Roberts never saw fit to mention that the Bar charged Nifong with engaging in “conduct involving dishonesty, fraud, deceit, or misrepresentation” and conspiring to withhold exculpatory DNA evidence.” Instead, she described him as “one part district attorney, one part clueless Columbo.” Columbo, played by Peter Falk, “put on a good show of being dim-witted so that the criminals and even his colleagues would be more at ease around him”; he was the “deceptively bumbling” lieutenant who used his appearance as the fool to solve the crime. Was Roberts intending to remind readers that, each week on TV, Columbo deliberately used his “clueless” nature to solve the crime?

Unnamed critics, Roberts added, wanted her to “lay off the lacrosse pipeline to Wall Street, excuse the khaki-pants crowd of SAT wonder kids.”

Roberts frequently had suggested that boosters exercise too much power in college athletics, that they exploit athletes to massage their own egos or to advance agendas that contradict the goal of higher education. But for the lacrosse team, a different standard seemed to apply. Its 100 percent graduation rate, heavy representation on the conference academic honor roll, and many good jobs upon graduation could be construed by Roberts as a bad thing.

To many, the alleged crime and culture are intertwined . . . but the alleged crime and the culture are mutually exclusive.

That might have been so, but Roberts was not among that group. In her initial article on the case—the one in which she asserted that “something happened” to Mangum, and “reported court documents” contained evidence of a “hate crime,” Roberts had linked the “alleged crime” and the “culture.” Rather than reconsider her biases, once the “alleged crime” collapsed, she simply “revised” her argument.

Apparently, no player could hold his own beer because public urination was an issue.

That sentence comports more with bawdy locker-room discussions than with the Times’ journalistic standards. But the editors, for reasons they never revealed, cleared Roberts’ insulting (and, for that matter, obviously inaccurate) assertion.


March 17, 2008: Interview with The Big Lead

Basically, I wrote that a crime didn’t have to occur for us to inspect the irrefutable evidence of misogyny and race baiting that went on that night . . . Obviously, some segments of the Duke lacrosse crowd did not enjoy the scrutiny of their world.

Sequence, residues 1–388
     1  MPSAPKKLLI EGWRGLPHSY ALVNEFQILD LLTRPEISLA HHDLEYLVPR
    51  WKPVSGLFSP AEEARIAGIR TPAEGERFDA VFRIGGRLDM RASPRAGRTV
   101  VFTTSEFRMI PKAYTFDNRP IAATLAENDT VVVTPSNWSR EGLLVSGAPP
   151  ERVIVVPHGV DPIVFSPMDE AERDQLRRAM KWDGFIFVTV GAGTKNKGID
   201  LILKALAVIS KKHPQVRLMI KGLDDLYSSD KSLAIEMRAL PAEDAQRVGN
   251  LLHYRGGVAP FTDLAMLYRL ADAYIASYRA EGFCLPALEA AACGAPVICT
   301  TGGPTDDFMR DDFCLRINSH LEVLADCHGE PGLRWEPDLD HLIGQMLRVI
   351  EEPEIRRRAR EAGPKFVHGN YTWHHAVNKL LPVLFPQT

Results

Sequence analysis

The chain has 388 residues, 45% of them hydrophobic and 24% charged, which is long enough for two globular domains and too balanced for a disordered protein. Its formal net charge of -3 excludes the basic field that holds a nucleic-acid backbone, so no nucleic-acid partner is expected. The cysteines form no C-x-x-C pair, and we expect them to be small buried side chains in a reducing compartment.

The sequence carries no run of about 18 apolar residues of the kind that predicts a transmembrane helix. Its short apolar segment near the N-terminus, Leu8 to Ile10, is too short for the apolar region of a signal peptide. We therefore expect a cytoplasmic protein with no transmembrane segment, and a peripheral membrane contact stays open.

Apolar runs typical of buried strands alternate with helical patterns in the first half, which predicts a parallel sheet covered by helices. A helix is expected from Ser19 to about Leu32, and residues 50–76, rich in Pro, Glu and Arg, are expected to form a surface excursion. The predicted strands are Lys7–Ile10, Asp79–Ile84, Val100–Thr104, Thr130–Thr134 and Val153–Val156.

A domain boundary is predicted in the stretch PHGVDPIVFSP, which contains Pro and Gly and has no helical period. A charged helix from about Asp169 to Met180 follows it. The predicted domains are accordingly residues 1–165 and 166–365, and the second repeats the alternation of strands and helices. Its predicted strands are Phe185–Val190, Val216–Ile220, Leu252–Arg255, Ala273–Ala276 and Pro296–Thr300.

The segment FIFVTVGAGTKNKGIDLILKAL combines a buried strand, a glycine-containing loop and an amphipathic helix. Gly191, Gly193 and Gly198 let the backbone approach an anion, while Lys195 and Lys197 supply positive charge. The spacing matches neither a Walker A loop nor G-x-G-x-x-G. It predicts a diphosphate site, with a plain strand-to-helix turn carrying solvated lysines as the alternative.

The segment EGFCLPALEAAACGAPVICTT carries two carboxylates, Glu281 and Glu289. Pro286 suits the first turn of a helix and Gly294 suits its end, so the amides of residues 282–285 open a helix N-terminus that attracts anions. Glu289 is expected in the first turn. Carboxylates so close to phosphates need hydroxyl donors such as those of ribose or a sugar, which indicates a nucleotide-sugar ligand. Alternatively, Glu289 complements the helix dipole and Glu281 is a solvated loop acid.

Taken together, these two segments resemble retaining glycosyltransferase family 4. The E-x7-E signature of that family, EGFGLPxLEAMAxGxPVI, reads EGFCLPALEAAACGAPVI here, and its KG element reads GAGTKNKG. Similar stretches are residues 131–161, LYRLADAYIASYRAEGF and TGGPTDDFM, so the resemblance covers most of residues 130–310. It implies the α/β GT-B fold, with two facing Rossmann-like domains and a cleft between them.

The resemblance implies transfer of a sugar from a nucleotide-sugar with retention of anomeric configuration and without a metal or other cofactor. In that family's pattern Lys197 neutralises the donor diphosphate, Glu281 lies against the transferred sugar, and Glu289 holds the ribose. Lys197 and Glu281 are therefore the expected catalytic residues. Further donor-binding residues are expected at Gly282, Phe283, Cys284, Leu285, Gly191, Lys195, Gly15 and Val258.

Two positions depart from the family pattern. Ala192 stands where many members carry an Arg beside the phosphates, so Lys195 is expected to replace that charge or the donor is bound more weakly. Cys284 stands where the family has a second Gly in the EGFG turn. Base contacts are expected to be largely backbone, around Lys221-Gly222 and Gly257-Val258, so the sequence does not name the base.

Of course, Roberts’ initial article had gone well beyond that: it had unequivocally asserted that “something happened” to Mangum, and “reported court documents” indicated a “hate crime.” Why did she misrepresent her work to The Big Lead readers?

Casting herself as the real victim in the affair, Roberts bizarrely contended that criticism of her work came from “Duke-player supporters who felt threatened when someone, whether it was me or another columnist, started poking at the culture of affluence and entitlement.”

In fact, the criticism of Roberts’ work extended even to the leadership of her former paper.

  • Times executive editor Bill Keller: “I did think, and I told the columnists, that there was a tendency in a couple of places to moralize before the evidence was all in, and not to give adequate weight to the presumption of innocence... As a generalization, I’m not dismissive of the people who think that what appeared in the sports columns kind of contributed to a sense that the Times declared these guys guilty.”
  • Times sports editor Tom Jolly: “I very much regret my failure to recognize that we were dealing with a rogue prosecutor and that the university had compounded his bravado by overreacting to the initial reports about the case . . . The bottom line is that I’d do some things differently, and that knowledge gained by hindsight has informed our approach to other stories since then.”


It may be that everything Roberts has written about Alex Rodriguez is accurate. But in coming woefully short of the standards of her profession and then refusing to come clean about her record, Selena Roberts sounds a lot like her portrayal of a certain high-profile third baseman.